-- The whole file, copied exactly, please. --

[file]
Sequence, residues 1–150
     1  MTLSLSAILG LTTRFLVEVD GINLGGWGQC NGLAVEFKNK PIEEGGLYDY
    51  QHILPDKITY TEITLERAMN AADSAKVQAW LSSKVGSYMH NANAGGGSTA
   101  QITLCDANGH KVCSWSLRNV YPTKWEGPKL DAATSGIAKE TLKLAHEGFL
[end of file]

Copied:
Sequence, residues 1–150
     1  MTLSLSAILG LTTRFLVEVD GINLGGWGQC NGLAVEFKNK PIEEGGLYDY
    51  QHILPDKITY TEITLERAMN AADSAKVQAW LSSKVGSYMH NANAGGGSTA
   101  QITLCDANGH KVCSWSLRNV YPTKWEGPKL DAATSGIAKE TLKLAHEGFL